Xsan: Ensuring that files or folders go to the intended affinities

In order to force a file to relocate to the storage pool(s) specified by a folder's affinity, the file must be physically copied or re-written, not copied via the Finder or via a mv command.

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Affinities control what data is written to which storage pool(s). This allows administrators to assign affinities to storage pool(s) that force users, through permissions, to write data to specific pools. These pools are generally configured to be composed of similar LUN types. Administrators set up storage pools with different balances of performance and redundancy, such as RAID 0 and RAID 5.

When you use the Finder or the mv command to move a file from one folder to another folder on the same volume, the data is not actually copied. Instead, only the new and old folders are changed to reflect the new location of the file (this is called a rename operation). Because the file data itself is not actually moved, this can cause unintended behavior when the new and old folders have different, or no affinities.

Copying a file

In the Finder, Option-drag the file into the desired folder with affinity to copy the file. Alternatively, you can use a command line tool such as ditto or cvcp to copy the file. See the man pages for more information and options.

If desired, delete the original once the copy has been verified as good.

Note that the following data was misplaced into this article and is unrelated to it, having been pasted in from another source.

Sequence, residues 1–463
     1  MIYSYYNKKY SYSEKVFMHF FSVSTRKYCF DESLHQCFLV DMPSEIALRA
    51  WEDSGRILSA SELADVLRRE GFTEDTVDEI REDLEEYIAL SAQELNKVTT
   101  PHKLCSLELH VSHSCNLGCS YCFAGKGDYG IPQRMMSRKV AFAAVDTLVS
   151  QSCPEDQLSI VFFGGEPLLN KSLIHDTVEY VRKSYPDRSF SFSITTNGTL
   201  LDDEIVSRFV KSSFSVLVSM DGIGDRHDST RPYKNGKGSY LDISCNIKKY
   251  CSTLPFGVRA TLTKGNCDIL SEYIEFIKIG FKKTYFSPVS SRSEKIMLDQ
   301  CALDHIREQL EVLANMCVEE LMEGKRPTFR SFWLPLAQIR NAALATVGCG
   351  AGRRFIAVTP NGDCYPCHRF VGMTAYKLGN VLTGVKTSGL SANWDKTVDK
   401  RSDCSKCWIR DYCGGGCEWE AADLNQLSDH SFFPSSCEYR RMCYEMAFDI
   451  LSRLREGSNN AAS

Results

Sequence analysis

Rewriting a file

Use the

command. The snfsdefrag command can rewrite the file on to the affinity's storage pool(s). Using the snfsdefrag command will rewrite the file without changing the path to the file. See man snfsdefrag for more information and options.

Example of a file rewrite

A storage pool(s) has an affinity of Fast. You want to move a file named "moveme" onto this storage pool(s). The Xsan volume is named MyVolume and the source file ("moveme") is located inside folder1.

The command would be:

sudo snfsdefrag -k Fast -m 0 /Volumes/MyVolume/folder1/moveme

If you are unsure if a file or folder resides within an affinity

If you are unsure if a file or folder resides within an affinity, run the cvaffinity command on the file and folder.

cvaffinity -l <path to folder>
cvaffinity -l <path to file>

Note: the -l is a lower case letter L (for list). (See man cvaffinity for more information and options.)

Two example commands followed by italicized sample output:

cvaffinity -l /Volumes/MyVolume/folder1
/Volumes/MyVolume/folder1: Fast (0x7265766f7473)

cvaffinity -l /Volumes/MyVolume/folder1/moveme 
/Volumes/MyVolume/folder1/moveme: Fast (0x7265766f7473)

In these examples, both the folder and the file have the same affinity, Fast, and are on the same storage pool, (0x7265766f7473).

: Depending on the method used, the file(s) POSIX and or ACL entries may need to be reset.

Learn more

For more information about affinities, see the Xsan Admin Guide.

For more information about POSIX and Access Control Lists, see the MacOS X Server administration guides:


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